Risky Business: Re-Telling Genesis by Recasting the Discussion

yhst-38174537758215_2228_40572942What would Genesis look like if it was a story told in the 21st century? Would the sky still be called “firm,” or would the light exist before the Sun? Professor Karl Giberson tries to answer those questions by, as he puts it, re-telling the Genesis creation story using the most up-to-date scientific understanding at his disposal. Giberson does an excellent job of relating current science and the direction it is going in, while maintaining a constant anchor in the Christian perspective by continually returning to God’s purposes throughout his relaxed study. If Hawking’s A Briefer History of Time were to become amalgamated with C.S. Lewis’s Miracles, this book is how I would imagine it.

Giberson’s writing style is gracious from a layman’s perspective, and his analogies offer deep insight into the void that is often scientific explanations. In light of the many praises I have for the book though, there are two rather substantial items which plagued my reading throughout every page of the book. I’m somewhat reticent to criticize the good doctor, as I greatly admire the open dialogue going on over at BioLogos (who were the primary supporters of this book) and of the work going on at Paraclete Press (who published the book). But, I would be remiss to be anything less than honest. And perhaps a reader more enlightened than I can help put my mind at ease regarding these matters.

The first is Giberson’s area of expertise. While I appreciate his early days in interdisciplinary studies (he majored in Philosophy and Physics as an undergrad), he is first and foremost a scientist. This certainly doesn’t disqualify him from studying the word of God or speculating about it either, but it does raise questions as I read: how much Hebrew was researched in this analysis? Was there comparative work done with other Ancient Near Eastern creation stories to see if the premise of approaching Genesis from a scientific lens was plausible? Perhaps such questions shouldn’t have nagged at me, but they did nonetheless.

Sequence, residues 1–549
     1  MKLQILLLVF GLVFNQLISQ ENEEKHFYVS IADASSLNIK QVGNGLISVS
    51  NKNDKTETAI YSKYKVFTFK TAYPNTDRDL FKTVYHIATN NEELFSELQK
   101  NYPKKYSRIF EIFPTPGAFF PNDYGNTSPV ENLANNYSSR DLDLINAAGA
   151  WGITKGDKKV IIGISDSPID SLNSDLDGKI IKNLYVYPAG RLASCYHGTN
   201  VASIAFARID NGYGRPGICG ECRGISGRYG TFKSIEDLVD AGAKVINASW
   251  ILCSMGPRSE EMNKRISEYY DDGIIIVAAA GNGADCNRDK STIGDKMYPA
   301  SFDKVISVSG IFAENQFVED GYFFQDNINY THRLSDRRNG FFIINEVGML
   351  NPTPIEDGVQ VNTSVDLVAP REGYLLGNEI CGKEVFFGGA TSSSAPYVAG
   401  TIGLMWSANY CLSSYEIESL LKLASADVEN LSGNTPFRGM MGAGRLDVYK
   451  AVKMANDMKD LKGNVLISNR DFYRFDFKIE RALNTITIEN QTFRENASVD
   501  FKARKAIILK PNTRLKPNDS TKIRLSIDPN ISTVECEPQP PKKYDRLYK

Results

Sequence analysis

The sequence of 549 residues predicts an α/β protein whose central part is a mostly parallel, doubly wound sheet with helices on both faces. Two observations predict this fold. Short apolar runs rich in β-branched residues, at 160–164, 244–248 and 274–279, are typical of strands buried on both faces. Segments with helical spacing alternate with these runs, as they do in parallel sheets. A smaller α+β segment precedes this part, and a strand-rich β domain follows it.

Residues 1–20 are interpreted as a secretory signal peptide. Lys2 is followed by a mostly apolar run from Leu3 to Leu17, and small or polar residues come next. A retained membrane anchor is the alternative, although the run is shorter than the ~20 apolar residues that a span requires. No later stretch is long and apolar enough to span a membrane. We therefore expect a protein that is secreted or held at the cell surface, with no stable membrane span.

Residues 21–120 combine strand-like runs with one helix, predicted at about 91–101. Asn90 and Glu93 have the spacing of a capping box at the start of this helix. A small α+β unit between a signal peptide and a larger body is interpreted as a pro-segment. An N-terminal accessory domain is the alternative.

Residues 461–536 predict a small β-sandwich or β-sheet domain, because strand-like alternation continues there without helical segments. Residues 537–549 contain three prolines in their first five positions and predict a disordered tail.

And I’m glad they did, because they exposed what I think to be the ultimate issue I had: what if Genesis isn’t a scientific story? This has been discussed at length in books and blogs alike, which makes me wonder how this topic seemed illusive in Giberson’s retelling. In the end, I simply can’t align with the professor’s basic premise. I don’t think Genesis is a scientific story, which means I don’t think retelling it in “modern terms” will help the origins discussion.

In my opinion, the only way to really bridge the divide between those who love Jesus while favoring evolution and those who love Jesus while favoring creation science is by recasting the debate entirely. Folks like John Walton are already engaged in that process, so I don’t feel the need to elaborate further here in a book review. But I had to make my positions clear. Until I can see Genesis 1-11 as a scientific narrative, I can’t get behind Giberson’s efforts. I get what he’s trying to do; he’s trying to redirect the discussion by pointing out that Genesis is about more than science. Which is a point on which I am in full agreement. But you can’t make such a case by building the foundation of your argument on evidence from science! That undermines the position from the very beginning, and effectively caused Seven Glorious Days to fall flat in my mind.

I certainly commend him for trying a different approach, but in the end it just felt all wrong both inside and out.

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